Recently, I wrote a back cover blurb for a friend, which got me thinking about book blurbs in general.
I still think book blurbs (or back cover quotes) are one of the best marketing tools for a writer to sell a book. Reading a quote from an established author, reviewer, or even a well-crafted plot summary acts as a preview for what’s to come. In fact, a few choice words can be most effective in that point-of-sale moment when deciding whether or not to take a chance on a new work.
Of course, we’ve all seen cases where the quote is more hype than honest praise. I don’t trust any blurb that claims the work of the author is the next best thing since the dawn of time. When I write blurbs, I treat them the same as if I were reading them: if I knew nothing about this literary work, what would be most helpful in making a decision. Most of us do not purchase new books solely on the back cover quotes, but I consider them because I do appreciate knowing who is speaking up for the author.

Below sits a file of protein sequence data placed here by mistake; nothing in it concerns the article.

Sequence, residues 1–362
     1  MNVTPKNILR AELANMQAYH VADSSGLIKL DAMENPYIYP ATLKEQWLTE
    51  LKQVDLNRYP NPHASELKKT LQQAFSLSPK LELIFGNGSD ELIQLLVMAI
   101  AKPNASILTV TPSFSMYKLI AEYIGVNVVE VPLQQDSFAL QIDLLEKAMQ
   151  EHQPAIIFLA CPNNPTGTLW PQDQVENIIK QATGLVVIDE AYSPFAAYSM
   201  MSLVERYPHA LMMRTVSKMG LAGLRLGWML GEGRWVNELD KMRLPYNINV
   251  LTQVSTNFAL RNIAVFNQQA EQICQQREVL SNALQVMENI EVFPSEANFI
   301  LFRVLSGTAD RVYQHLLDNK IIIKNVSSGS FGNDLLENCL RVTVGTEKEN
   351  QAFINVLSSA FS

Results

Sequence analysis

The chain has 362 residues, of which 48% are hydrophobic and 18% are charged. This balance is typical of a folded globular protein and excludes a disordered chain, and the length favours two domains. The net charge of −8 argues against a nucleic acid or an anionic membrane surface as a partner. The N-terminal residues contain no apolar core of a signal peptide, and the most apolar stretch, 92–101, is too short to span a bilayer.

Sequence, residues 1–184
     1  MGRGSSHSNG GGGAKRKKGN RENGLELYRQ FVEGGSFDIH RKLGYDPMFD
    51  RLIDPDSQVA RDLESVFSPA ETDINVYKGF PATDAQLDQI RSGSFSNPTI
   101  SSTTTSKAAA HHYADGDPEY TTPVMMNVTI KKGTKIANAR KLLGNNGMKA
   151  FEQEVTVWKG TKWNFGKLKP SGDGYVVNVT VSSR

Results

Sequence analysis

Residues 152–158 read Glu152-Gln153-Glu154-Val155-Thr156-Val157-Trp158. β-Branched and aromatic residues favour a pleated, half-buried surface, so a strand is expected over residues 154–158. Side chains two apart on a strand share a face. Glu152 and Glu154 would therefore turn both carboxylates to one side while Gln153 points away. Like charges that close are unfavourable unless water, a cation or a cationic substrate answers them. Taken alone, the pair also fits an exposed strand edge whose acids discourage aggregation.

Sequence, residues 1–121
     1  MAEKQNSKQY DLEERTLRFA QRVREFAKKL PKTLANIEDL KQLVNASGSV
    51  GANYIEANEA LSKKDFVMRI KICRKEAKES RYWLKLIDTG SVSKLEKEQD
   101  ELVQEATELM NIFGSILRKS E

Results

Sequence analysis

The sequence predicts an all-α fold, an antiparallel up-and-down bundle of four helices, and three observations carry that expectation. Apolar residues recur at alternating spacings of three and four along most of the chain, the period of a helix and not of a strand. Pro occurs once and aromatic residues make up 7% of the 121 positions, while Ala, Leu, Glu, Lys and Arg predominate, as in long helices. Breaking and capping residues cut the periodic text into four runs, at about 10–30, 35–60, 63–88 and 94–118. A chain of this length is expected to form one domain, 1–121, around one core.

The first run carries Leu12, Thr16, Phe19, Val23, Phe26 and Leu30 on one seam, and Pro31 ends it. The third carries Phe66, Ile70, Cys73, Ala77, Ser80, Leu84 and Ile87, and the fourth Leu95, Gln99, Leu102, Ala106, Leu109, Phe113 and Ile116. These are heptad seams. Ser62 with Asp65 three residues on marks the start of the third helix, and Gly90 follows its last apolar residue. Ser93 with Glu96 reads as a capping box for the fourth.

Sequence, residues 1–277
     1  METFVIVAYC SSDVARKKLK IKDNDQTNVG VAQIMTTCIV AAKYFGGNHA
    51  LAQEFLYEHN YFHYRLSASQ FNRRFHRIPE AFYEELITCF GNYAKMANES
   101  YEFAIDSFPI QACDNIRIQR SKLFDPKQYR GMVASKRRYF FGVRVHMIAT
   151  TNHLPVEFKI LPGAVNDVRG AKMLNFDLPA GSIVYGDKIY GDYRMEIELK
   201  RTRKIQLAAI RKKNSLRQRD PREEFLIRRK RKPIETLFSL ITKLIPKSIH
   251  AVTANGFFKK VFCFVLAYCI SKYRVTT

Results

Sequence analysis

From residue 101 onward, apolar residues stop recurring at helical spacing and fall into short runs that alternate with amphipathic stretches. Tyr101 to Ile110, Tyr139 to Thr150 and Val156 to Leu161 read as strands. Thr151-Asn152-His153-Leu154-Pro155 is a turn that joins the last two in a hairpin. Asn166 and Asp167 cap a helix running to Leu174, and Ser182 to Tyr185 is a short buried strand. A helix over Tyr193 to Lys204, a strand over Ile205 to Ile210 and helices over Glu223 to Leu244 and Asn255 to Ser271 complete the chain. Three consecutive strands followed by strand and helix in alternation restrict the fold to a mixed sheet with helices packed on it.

Securing quotes, especially for your first book, can be difficult. When I was looking for established poets to write quotes for Underlife, the writers I had hoped would come through for me did not, but the ones who did surprised me with their generosity and kind words. So when I get a chance to blurb, I almost never turn down the opportunity. I like to pay it forward.
Questions for you, dear reader. What's your take on back cover quotes? Are they important to you? Do they make a difference when deciding what to buy? If you’re an author, what’s the process like for you writing quotes? Also for authors, do you write them—and have you ever said no for a quote request?